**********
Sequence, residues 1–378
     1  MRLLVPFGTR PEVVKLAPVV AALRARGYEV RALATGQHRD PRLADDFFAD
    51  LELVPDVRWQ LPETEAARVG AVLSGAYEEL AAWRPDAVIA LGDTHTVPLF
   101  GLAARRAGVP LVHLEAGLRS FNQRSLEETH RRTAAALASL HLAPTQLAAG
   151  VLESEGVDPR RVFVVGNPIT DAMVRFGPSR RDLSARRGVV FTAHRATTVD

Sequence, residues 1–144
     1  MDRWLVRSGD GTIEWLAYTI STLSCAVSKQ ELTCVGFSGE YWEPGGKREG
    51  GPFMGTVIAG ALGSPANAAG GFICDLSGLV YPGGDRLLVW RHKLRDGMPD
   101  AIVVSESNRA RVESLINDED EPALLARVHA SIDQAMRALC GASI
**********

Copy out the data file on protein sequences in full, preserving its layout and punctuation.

Sequence, residues 1–378
     1  MRLLVPFGTR PEVVKLAPVV AALRARGYEV RALATGQHRD PRLADDFFAD
    51  LELVPDVRWQ LPETEAARVG AVLSGAYEEL AAWRPDAVIA LGDTHTVPLF
   101  GLAARRAGVP LVHLEAGLRS FNQRSLEETH RRTAAALASL HLAPTQLAAG
   151  VLESEGVDPR RVFVVGNPIT DAMVRFGPSR RDLSARRGVV FTAHRATTVD

Sequence, residues 1–144
     1  MDRWLVRSGD GTIEWLAYTI STLSCAVSKQ ELTCVGFSGE YWEPGGKREG
    51  GPFMGTVIAG ALGSPANAAG GFICDLSGLV YPGGDRLLVW RHKLRDGMPD
   101  AIVVSESNRA RVESLINDED EPALLARVHA SIDQAMRALC GASI